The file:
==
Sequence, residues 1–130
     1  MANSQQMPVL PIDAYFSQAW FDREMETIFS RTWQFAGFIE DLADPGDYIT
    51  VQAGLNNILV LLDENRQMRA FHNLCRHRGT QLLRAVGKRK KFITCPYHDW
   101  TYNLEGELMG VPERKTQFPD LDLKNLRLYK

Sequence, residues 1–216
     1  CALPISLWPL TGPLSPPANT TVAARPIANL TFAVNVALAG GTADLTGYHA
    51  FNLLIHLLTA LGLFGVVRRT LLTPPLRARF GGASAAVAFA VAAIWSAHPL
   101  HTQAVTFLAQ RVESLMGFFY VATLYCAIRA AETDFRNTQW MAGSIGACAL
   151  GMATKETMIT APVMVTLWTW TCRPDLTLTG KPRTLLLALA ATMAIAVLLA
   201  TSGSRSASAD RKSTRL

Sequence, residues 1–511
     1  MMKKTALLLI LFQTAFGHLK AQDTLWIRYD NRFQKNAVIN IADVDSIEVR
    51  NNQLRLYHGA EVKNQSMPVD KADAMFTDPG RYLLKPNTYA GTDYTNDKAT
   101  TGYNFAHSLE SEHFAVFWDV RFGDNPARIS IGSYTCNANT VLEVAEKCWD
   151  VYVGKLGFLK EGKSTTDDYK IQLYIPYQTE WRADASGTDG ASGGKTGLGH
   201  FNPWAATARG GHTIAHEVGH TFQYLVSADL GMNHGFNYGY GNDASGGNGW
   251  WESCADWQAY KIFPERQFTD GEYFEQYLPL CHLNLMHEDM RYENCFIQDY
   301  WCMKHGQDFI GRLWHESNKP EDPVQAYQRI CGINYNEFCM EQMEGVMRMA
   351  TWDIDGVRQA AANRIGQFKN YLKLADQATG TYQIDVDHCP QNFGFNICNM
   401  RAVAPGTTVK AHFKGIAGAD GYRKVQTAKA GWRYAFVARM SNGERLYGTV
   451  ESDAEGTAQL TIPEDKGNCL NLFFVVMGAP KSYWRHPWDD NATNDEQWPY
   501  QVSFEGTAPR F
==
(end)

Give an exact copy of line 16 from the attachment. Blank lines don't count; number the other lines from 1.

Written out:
   201  FNPWAATARG GHTIAHEVGH TFQYLVSADL GMNHGFNYGY GNDASGGNGW